Trust me, it’s more fun than confusing. Like “Glass Onion,” “The Twist of a Knife” is as much a work of dry humor as it is a murder mystery.
The novel is twisty and fast-paced, as Horowitz and Hawthorne race to find the killer of Sunday Times theater critic Harriet Throsby, who panned “Mindgame,” a play that the real Horowitz wrote. Throsby was a particularly unpleasant woman who liked nothing better than sinking productions with her vicious reviews. In keeping with the novel’s mixing of fact and fiction, some of the action takes place in London’s Vaudeville Theatre, where the real Horowitz’s play had a successful run in the early 2000s.
The evidence points to Horowitz as the killer: Throsby hated his play; one of his hairs was found on her body, and his fingerprints are on the murder weapon, a dagger gifted to him by “Mindgame’s” producer. The police hold him overnight, but the always snide Hawthorne says Horowitz can’t be the killer. “He writes about murder but I’ve seen him get queasy at the sight of blood,” he says. “And if he killed every critic who had something bad to say about his work, there’d be hundreds of corpses littered across the country.”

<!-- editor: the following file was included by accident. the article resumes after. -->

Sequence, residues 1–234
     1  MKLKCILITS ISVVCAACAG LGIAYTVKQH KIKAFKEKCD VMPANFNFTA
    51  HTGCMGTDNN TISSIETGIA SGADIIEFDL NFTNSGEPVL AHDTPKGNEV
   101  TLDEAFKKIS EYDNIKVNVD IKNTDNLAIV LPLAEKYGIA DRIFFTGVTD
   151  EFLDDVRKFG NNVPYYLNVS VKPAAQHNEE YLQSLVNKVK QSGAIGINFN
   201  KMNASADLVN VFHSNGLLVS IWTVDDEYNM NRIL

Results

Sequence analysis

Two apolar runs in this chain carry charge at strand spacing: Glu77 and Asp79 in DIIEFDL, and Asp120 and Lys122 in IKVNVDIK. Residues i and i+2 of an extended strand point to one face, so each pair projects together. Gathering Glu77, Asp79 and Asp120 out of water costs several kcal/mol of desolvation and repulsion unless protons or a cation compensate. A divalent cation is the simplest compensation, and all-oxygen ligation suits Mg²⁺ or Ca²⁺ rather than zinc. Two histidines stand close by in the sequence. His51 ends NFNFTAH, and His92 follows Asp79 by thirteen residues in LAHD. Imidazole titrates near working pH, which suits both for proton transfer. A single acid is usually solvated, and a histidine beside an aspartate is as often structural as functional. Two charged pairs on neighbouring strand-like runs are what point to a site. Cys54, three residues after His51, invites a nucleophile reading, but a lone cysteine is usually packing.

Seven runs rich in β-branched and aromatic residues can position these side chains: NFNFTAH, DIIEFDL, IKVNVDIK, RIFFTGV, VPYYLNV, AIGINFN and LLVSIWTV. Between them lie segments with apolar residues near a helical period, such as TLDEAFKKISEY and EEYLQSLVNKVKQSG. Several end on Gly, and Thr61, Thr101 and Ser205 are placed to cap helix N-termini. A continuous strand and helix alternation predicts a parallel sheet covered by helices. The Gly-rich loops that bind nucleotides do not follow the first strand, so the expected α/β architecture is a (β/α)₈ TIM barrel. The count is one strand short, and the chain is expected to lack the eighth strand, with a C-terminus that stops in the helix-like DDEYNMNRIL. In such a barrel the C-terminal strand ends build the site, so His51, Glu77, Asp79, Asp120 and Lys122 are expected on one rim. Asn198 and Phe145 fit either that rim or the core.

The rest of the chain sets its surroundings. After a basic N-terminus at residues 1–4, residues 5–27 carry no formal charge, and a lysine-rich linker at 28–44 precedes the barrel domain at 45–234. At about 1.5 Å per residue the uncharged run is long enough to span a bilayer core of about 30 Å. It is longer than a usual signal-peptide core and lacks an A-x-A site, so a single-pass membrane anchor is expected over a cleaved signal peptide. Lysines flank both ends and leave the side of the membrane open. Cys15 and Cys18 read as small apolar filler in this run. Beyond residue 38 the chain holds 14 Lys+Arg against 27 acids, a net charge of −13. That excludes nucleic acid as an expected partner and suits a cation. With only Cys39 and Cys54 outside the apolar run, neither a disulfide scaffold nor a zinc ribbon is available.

Not to worry, there are enough other suspects to pack the Vaudeville’s green room. In a nod to closed-circle mysteries like “Murder on the Orient Express,” all the suspects attended the opening night backstage party at the Vaudeville and had access to the dagger. They include “Mindgame’s” three stars: moody Method actor Jordan Williams, the James Dean-like Tirian Kirke and the secret-keeping Sky Palmer. Also in attendance: Ahmet Yurdakul, the play’s near-bankrupt producer; Yurdakul’s “Cats”-obsessed assistant, Maureen Bates; and the director, Ewan Lloyd, whom Throsby critically annihilated once before. Who among them would want to frame Horowitz? And why?
“The Twist of a Knife” is a race-against-the-clock, classic crime fiction cocktail. While paying homage to the genre’s Golden Age, Horowitz also gives a nod to Alfred Hitchcock, adopting his voyeuristic approach to storytelling and building tension as Hitchcock did in “The 39 Steps” and “Saboteur” in which innocent protagonists go on the run. Borrowing from here and there — including from himself — Horowitz has, paradoxically, created something wholly original.
Carol Memmott is a writer in Austin.
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